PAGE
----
Late August always tends to make me realize just how close we are to the summer’s end. And although I prefer spring and fall temperature-wise, there is something about the summer that makes everything feel a bit more relaxed and almost carefree. About this time every year it occurs to me just how quickly time does pass.

It also lets me realize that I am going to soon be cleaning up my gardens and flowerbeds in the anticipation of colder days ahead. There will be plant stakes to remove, mulch to add, plants that need divided and transplanted, and I am sure that is only the beginning.

One thing I don’t want to do is to continue deadheading my plants. Sure, it would make them look better and it would spare me the temptation every day of contemplating if it really is too late to continue trimming or not. But then I remember how anytime you trim a plant back, you are stimulating the plant and encouraging it to send out more growth. While we all want our plants to grow and thrive, new growth when we have a cold snap is not good.

Pretty much the main goal of any plant is to grow, produce seed, and reproduce. Once they accomplish that, many plants slowly retreat toward dormancy in the fall only to reemerge in the spring along with hopefully some of their sprouted seeds joining them. But when we continually trim them back, we throw off their natural cycle of reproduction and can unknowingly be weakening our beloved plants.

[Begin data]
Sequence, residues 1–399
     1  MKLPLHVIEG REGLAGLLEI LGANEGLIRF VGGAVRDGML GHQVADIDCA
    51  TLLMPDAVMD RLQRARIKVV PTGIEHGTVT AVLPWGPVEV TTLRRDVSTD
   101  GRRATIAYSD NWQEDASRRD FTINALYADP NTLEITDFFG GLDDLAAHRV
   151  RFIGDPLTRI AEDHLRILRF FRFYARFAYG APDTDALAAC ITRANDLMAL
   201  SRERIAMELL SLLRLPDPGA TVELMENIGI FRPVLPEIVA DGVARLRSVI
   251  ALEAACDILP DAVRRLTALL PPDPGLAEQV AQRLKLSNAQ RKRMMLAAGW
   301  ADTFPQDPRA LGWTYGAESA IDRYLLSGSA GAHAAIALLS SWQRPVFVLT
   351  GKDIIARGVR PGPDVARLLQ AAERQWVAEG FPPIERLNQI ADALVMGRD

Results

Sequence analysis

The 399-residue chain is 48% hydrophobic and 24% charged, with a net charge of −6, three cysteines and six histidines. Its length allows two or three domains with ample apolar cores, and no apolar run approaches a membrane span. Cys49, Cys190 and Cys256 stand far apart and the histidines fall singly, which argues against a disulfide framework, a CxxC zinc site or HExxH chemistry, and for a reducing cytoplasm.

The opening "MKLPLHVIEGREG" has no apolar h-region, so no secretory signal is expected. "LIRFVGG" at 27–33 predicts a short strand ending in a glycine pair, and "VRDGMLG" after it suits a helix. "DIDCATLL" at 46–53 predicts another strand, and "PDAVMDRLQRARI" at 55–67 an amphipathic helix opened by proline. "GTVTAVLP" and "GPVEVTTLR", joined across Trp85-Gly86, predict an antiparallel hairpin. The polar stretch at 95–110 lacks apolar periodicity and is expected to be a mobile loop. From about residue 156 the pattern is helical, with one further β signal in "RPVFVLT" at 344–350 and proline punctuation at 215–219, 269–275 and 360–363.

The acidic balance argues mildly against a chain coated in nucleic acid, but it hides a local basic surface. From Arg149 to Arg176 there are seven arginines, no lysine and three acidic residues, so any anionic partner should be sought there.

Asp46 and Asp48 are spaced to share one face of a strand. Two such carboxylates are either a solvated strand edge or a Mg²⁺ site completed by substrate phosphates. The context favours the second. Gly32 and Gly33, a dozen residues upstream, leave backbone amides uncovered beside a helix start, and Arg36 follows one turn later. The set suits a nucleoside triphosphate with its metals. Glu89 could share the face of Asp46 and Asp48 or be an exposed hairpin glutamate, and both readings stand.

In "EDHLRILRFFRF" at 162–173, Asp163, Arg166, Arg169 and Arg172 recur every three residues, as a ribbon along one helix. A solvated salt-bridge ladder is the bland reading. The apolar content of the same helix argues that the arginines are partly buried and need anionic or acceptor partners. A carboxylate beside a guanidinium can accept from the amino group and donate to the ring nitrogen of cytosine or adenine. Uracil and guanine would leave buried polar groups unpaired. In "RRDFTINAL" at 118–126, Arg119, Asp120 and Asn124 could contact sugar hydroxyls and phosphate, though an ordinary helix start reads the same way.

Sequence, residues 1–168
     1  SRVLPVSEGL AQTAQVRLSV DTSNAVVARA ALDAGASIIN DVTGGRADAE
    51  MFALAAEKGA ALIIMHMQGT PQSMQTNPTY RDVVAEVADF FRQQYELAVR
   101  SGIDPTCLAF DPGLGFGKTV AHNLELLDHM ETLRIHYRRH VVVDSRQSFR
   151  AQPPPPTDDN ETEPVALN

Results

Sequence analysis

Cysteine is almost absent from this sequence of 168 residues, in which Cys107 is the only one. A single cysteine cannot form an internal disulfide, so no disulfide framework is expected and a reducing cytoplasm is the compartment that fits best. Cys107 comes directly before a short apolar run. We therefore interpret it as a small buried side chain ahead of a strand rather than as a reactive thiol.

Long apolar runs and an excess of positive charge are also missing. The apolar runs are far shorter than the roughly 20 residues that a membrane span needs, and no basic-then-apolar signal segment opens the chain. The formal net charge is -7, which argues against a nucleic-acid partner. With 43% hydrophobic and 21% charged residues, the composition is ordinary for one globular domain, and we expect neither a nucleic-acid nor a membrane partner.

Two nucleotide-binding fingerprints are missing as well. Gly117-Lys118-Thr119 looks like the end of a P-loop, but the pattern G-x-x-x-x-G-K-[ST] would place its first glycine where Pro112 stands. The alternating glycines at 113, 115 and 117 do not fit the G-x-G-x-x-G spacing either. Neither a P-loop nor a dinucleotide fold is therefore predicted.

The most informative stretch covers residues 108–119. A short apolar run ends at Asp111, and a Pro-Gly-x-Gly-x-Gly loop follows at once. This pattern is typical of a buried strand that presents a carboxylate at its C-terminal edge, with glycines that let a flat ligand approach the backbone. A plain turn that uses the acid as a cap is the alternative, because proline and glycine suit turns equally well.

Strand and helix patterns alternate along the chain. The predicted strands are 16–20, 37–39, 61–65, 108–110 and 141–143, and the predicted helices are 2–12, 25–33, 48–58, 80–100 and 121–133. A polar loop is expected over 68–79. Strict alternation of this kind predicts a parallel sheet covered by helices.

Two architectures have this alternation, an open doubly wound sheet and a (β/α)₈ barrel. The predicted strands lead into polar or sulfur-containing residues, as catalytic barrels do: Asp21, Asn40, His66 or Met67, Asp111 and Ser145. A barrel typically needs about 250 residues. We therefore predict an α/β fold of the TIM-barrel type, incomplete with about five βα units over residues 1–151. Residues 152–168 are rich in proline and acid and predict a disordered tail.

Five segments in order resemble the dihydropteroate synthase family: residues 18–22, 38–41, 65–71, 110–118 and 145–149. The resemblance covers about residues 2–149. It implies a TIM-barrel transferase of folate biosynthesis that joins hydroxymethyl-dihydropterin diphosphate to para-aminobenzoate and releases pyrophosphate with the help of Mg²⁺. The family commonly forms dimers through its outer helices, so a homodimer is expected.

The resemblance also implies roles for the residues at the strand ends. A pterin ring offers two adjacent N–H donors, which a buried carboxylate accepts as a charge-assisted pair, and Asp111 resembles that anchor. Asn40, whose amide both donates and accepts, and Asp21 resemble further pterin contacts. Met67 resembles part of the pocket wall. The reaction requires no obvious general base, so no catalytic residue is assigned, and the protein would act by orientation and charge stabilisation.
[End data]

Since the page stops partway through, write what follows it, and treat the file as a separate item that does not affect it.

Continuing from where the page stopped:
What you can do in the meantime is collect seeds from those plants, dry them out, and then store in paper bags or containers with a few grains of rice added to absorb any moisture or humidity. Just always be sure to label your containers, because it is easy to think you will remember and then come spring realize that you don’t remember. I’m speaking from personal experience on that one.

Another task that is coming up is with those beautiful hydrangeas that are blooming now. If you are going to do any trimming, be sure to do it here in the next few weeks, or your window of opportunity may pass you by. If you trim most varieties of hydrangeas too late you will trim the growing tips where they set their buds for the next season, which will cause them not to flower the following year. There are some newer varieties that are around that grow on new wood and those can be trimmed almost at any time of the year. If you are purchasing new hydrangeas or you happened to save the tag from before, it wouldn’t hurt to double check the suggested pruning times.

Cooler temperatures will be on their way in the upcoming months, try to get outside and enjoy what is left of summer so that we can remember how hot we were that one August day when we are snowed in at home in January.

 

Sacha Burns is an organic gardener and owner of Sunkissed Organics in Pinola. She may be reached at sachabrittburns@yahoo.com.

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